Alabama attorney general criticizes new prison reform law

Published: Oct. 5, 2021 at 6:24 PM CDT
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MONTGOMERY, Ala. (WSFA) - A prison reform bill was included with Alabama’s prison construction plan special session, which was signed into law last week by Gov. Kay Ivey. It’s part of the solution to address the U.S. Department of Justice’s lawsuit against the state citing prison overcrowding.

The legislation is being criticized by Alabama Attorney General Steve Marshall, however.

“The reality is [House Bill 2] doesn’t really address overcrowding on a broad scale, because we understand it only applies to roughly 350 inmates to begin with,” Marshall said.

This new prison reform law will:

  • Release inmates early based on their sentenced time.
  • Doesn’t apply to child sex offenders.
  • Notify victims of an inmate’s release.
  • Determine the level of supervision for the released person through the Alabama Pardons and Paroles Board.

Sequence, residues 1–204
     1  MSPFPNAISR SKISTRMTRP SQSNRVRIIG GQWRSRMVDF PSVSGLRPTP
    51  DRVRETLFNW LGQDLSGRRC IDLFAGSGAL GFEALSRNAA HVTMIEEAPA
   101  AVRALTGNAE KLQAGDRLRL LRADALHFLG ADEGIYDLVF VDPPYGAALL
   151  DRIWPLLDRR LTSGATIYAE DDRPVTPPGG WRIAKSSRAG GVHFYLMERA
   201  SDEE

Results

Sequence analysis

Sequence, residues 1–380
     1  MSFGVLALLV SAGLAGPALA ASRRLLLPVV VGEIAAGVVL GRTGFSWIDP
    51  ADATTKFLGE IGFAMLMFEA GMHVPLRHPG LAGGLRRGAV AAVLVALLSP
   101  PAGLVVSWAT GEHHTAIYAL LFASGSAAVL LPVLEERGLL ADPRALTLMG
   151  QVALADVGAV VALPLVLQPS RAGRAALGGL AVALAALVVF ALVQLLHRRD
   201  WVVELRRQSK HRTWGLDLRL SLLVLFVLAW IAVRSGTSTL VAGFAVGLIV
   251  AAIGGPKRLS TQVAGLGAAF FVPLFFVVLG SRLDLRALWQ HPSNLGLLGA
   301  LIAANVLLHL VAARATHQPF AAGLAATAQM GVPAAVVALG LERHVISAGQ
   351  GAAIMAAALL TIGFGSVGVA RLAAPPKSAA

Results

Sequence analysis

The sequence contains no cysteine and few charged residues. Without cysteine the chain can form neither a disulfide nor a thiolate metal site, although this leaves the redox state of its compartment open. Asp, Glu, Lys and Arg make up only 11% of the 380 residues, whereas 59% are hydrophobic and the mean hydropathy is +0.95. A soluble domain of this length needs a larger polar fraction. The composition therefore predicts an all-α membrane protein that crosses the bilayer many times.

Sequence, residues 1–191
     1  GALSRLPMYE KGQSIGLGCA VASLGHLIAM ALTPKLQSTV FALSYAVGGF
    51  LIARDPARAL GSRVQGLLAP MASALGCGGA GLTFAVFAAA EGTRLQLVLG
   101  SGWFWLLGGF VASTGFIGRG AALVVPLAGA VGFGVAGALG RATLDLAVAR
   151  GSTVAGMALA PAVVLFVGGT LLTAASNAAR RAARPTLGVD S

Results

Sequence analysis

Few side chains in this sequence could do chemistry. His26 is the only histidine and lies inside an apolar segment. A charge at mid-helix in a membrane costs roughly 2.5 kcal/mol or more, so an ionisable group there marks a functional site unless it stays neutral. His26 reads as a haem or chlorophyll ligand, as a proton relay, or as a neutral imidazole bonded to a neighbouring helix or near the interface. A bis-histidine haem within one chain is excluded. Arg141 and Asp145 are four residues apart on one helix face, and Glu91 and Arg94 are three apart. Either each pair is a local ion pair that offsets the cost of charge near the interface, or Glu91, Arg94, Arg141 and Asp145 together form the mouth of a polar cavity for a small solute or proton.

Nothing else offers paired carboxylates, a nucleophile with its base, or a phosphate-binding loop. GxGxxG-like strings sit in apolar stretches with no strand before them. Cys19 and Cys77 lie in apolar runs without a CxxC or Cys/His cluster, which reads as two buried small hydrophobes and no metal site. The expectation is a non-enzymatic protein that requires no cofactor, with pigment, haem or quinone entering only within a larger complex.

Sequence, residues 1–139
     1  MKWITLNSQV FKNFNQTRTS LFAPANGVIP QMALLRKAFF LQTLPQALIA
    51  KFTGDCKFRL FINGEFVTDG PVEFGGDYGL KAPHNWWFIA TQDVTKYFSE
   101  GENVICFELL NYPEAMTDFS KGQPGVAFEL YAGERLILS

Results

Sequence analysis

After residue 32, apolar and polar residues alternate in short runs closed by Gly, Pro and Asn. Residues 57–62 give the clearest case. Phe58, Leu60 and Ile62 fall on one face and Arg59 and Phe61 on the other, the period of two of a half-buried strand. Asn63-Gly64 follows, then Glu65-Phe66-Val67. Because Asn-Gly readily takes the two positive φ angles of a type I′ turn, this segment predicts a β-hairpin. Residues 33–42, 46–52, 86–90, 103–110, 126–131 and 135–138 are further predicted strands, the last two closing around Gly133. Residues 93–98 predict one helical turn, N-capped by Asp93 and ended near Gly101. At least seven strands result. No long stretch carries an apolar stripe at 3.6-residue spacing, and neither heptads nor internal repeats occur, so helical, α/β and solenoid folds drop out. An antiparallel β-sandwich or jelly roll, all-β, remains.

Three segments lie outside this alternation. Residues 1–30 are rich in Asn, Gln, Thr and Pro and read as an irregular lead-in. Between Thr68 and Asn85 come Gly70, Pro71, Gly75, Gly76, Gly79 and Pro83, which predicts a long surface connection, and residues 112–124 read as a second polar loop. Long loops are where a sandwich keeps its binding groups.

This means someone sentenced for a violent crime could be released up to a year early. The law is set to go into effect on Jan. 31, 2023.

“I think, for me, the continued progress for us as a state is to make sure that we keep violent offenders behind bars,” said Marshall. “And I think there’s been, at least in the last several years, an effort to reduce the time that violent criminals stay behind our facilities, and I think that’s the wrong direction.”

In response to Marshall’s comments, the Alabama ACLU provided a statement to WSFA 12 News stating:

“Steve Marshall continues to use fear and arbitrary incidents to discourage lawmakers from taking the overdue steps to meaningfully address the crisis in our prisons and our criminal justice system. If legislators continue demonstrating an indifference toward the massive issues in our prisons cited by the Department of Justice and remain intolerant of any reforms to alleviate the overcrowding, violence, and mismanagement of our prisons then it will be only a matter of time before the federal government intervenes and addresses it for us. If tough-on-crime policies that have been pushed by Steve Marshall and members of the legislature worked, then we wouldn’t be in this situation today, and it is time for the Attorney General, Governor Ivey, and the legislature to step up and address the issues in our prisons that we have always told them new prisons never could.”

The second part of the new law requires the state to provide certain inmates with clothing and transportation upon release from prison. That portion went into effect immediately.

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